March 6, 2017 AT 12:30 am

‘The Dark Lady of DNA’ Rosalind Franklin | #WHM17 #WomensHistoryMonth #WomenInSTEM

We’ve now more or less catalogued the human genome and have an understanding of the process by which we produce that catalog. But just 100 years ago we didn’t know DNA’s structure. The ‘Jurassic Park‘ knowledge that you and I take for granted – “of course DNA is double-helix!” – had to be discovered, by someone.

While the Nobel Prize in Physiology or Medicine that is attributed to DNA’s discovery is held by James Watson, Francis Crick and Maurice Wilkins – three men – it was the historic Photo 51, taken by Rosalind Franklin (and Raymond Gosling), that lead to our understanding of the composition of DNA.

From the opening paragraphs on her Wikipedia bio:

Rosalind Elsie Franklin (25 July 1920 – 16 April 1958) was an English chemist and X-ray crystallographer who made contributions to the understanding of the molecular structures of DNA (deoxyribonucleic acid), RNA (ribonucleic acid), viruses, coal, and graphite. Although her works on coal and viruses were appreciated in her lifetime, her contributions to the discovery of the structure of DNA were largely recognized posthumously.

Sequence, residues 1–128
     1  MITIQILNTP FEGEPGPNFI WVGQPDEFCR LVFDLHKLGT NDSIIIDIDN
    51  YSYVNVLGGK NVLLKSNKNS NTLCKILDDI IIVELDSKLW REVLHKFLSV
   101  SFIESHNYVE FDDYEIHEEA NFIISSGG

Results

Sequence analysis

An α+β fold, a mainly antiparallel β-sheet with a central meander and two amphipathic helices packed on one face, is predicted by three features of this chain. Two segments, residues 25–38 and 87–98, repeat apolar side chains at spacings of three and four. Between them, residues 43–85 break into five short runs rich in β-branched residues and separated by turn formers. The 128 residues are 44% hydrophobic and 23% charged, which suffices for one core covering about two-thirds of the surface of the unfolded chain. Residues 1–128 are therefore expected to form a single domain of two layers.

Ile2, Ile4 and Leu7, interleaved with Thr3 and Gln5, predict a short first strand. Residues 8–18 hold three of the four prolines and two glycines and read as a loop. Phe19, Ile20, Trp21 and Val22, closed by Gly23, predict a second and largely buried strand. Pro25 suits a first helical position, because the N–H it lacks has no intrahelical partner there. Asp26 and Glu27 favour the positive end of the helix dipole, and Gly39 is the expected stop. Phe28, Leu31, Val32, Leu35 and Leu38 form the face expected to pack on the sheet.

Franklin is best known for her work on the X-ray diffraction images of DNA, particularly Photo 51, while at King’s College, London, which led to the discovery of the DNA double helix for which James Watson, Francis Crick and Maurice Wilkins shared the Nobel Prize in Physiology or Medicine in 1962. Watson suggested that Franklin would have ideally been awarded a Nobel Prize in Chemistry, along with Wilkins, but the Nobel Committee does not make posthumous nominations.

Rosalind Franklin sadly died four years prior to the Nobel Prize being awarded, and also sadly a debate still exists within scientific circles about posthumous recognition of Franklin for her achievement in the field.

PBS NOVA have a good write-up on the timeline here, linked from their ‘Secret of Photo 51’ microsite.

‘The Dark Lady of DNA’ in the title takes its cue from Brenda Maddox’s book by that title that lays out one of the more accurate biographical timeline’s of Franklin’s work, contextualizing her discovery against the sexist and even anti-Semitic tendencies of her colleagues.

Rosalind Franklin died in 1958 at the age of 37 from ovarian cancer.

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